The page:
But… I realized that that is not how it works. You can’t get to OWN a language by studying ABOUT a language (i.e. grammar). You can’t get used to the language if all you hear are unreal recordings for educational purposes, but never interact with native, “real” media. You know, I didn’t learn Spanish (my native tongue) by taking 11 years of classes or studying by myself for that time; I already knew almost perfect Spanish by the age of 5-6. And why? Because of plain immersion: Hearing and reading everything ONLY in that language during a very long period of time. That’s also how you learned English too hehe :D

    And BTW, although I studied English in Colombia for years, it wasn’t until I went to the U.S. as an exchange student for a year (full immersion!) that I actually acquired the language, and was able to actually understand it and use it as I’m doing right now (although one never stops learning!)

    So… my point is: Stop studying. No matter how righteous it looks, it doesn’t work. But then, how do you get to “OWN” Japanese then?

    I suggest you check out this page. It changed the way I see language learning forever, and I think it can change yours too. Please, tell me what you think about it :D

    http://www.alljapaneseallthetime.com/blog/about

    Te deseo muchos éxitos!! :D

  3. By Kimberly on May 17, 2011

    Hello there! Thank you for taking the time to share your comments and thoughts with us. Let me begin by saying, thank you for your support of this blog and I hope to see you again!

    I hope you will find the articles helpful enough to give you ideas on how to improve your Japanese.

    I had also thought at one point; one must study for hours upon hours to become fluent in a language. Countless learners of the Japanese language have told me that they would study on average; 6 hours a day! Wow! I do not have that kind of time to dedicate to my studies, or anything else for that matter. That is great if you have or can make the time but I personally could not do that everyday.

    You are certainly correct in that; no matter how much studying one can do from textbooks, audio CDs, computer software etc; one cannot “own” or “conquer” a language without interacting with native speakers.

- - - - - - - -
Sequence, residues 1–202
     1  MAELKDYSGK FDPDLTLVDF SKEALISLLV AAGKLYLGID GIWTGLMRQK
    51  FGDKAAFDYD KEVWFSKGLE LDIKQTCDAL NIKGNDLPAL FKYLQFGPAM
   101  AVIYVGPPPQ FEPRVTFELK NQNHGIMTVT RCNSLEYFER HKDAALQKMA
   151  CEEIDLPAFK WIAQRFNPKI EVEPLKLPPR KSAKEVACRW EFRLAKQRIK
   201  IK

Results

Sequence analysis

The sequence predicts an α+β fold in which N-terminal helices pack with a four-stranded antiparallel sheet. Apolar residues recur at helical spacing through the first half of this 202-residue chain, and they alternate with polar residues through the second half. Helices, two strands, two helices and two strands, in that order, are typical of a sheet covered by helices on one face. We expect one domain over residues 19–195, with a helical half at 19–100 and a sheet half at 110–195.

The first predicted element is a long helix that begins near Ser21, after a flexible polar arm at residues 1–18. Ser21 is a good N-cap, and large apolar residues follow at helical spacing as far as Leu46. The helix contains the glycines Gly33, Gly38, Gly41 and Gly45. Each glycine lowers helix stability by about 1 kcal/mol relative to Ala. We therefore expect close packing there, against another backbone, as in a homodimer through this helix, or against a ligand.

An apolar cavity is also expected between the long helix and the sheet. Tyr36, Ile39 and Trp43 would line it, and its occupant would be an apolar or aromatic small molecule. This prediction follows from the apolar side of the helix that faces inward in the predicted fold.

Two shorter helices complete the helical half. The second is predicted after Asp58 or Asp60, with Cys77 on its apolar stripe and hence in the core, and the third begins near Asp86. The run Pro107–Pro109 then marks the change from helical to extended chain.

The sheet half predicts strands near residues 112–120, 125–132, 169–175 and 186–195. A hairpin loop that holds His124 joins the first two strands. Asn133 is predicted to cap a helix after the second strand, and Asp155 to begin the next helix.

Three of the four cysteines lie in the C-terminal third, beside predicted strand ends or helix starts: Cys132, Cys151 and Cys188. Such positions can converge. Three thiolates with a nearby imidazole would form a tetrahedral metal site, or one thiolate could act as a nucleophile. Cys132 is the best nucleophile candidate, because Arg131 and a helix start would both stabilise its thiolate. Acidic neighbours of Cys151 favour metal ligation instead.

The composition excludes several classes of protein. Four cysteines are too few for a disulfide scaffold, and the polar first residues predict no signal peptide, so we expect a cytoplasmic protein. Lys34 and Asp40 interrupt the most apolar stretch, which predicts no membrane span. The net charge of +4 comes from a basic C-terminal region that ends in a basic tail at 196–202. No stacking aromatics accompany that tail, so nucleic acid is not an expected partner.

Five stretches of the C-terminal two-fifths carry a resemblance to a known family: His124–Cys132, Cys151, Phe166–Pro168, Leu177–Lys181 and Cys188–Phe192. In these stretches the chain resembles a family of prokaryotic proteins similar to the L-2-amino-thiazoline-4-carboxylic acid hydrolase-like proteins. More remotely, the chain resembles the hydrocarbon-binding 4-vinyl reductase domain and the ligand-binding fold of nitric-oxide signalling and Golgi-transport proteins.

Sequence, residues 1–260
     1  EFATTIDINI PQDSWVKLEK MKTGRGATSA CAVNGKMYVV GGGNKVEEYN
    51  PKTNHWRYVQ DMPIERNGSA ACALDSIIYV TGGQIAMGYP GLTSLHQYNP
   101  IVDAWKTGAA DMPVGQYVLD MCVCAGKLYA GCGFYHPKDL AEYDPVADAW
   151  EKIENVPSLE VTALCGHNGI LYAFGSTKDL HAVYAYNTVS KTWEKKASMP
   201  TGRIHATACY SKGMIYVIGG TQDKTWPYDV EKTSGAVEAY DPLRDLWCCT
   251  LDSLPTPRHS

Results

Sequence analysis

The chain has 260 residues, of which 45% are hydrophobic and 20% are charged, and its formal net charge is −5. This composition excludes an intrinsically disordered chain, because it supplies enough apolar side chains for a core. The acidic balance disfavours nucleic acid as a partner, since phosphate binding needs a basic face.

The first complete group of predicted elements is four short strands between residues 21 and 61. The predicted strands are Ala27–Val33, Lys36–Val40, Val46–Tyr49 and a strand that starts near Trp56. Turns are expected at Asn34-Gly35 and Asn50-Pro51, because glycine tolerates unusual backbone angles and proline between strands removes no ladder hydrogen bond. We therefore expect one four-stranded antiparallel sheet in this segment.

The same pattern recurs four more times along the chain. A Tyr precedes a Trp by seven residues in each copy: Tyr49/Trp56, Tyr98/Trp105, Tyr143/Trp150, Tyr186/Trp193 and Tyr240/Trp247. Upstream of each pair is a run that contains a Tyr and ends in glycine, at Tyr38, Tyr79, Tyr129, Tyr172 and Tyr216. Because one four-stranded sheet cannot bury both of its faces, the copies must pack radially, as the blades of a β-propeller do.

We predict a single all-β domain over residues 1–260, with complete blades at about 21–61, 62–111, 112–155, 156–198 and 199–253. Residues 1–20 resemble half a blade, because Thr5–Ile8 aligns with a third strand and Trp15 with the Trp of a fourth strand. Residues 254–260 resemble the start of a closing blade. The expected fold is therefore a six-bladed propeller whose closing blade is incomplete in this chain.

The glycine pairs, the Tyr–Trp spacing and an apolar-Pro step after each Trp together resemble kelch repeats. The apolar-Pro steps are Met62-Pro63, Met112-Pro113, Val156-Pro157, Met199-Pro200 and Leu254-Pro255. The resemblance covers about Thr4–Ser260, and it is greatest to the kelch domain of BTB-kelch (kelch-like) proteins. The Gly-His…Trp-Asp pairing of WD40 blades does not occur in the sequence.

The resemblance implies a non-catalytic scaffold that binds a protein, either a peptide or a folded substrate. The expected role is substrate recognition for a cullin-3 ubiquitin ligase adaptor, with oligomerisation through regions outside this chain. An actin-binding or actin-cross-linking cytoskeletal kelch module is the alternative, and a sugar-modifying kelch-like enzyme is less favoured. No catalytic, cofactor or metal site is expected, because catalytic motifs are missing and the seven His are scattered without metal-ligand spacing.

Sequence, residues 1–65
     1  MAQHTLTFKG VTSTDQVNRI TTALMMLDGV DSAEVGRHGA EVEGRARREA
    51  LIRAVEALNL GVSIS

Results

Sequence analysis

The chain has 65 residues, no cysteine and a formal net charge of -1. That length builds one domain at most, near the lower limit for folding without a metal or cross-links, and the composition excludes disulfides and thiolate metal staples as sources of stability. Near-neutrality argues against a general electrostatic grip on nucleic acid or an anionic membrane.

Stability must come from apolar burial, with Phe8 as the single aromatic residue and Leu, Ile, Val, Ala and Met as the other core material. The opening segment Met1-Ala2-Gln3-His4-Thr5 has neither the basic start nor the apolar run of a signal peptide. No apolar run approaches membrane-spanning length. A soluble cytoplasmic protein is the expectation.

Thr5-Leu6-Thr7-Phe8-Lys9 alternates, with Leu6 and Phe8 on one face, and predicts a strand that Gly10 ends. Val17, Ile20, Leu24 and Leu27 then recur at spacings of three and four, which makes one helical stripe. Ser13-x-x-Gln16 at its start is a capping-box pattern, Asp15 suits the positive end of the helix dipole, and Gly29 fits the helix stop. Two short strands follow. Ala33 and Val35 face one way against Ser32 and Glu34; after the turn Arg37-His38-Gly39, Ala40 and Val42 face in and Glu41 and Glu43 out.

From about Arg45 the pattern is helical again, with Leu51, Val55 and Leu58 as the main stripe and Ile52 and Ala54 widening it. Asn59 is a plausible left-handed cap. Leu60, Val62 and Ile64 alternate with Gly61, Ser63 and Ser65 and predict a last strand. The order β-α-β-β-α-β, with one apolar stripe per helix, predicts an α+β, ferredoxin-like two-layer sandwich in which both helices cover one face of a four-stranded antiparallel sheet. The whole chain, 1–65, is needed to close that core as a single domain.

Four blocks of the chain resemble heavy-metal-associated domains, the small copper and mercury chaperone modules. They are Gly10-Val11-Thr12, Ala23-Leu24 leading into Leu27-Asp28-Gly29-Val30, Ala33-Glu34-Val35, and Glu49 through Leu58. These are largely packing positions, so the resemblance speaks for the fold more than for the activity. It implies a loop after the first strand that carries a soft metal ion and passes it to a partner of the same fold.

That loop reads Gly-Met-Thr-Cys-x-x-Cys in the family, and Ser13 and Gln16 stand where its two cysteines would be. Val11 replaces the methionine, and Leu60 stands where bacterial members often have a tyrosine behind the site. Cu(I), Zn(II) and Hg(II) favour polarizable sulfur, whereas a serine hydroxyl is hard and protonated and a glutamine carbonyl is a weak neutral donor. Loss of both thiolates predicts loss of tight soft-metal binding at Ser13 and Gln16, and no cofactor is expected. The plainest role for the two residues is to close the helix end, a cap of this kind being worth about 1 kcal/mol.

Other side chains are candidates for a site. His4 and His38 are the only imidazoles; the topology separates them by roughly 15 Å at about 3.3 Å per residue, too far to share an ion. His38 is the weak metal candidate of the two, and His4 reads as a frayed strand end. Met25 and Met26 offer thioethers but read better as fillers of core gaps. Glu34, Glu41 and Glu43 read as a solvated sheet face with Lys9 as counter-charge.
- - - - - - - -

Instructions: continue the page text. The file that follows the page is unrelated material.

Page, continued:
Immersion is definitely the best way to achieve fluency in any language. I highly recommend for anyone to go on an exchange program, or an intensive language program in the respective country. But of course only if time and money is of no issue.

    I know when I speak Japanese, I want to sound like I am having a living conversation rather then repeating phrases from textbooks.

    Also, putting pressure on yourself to “get fluent now” is also not very affective as it can really discourage you if you hit a “road-block” and may hinder your studies instead of helping them.

    In regards to the link you have shared, I have indeed been to AJATT. He does have some great tips and techniques on how he became fluent in Japanese.

    I have, in fact applied some of what he has shared into my own studies. As an example, I like how he suggests to learn 10,000 full Japanese sentences so that you can learn the reading of the kanji and how it is used in context, as well as how to learn grammar naturally by seeing patterns rather than trying to memorize every grammar rule. This site is very inspirational and is highly recommended amoung Japanese learners in many online communities.

    Thanks again for your comments, and good luck with continuing with your Japanese studies!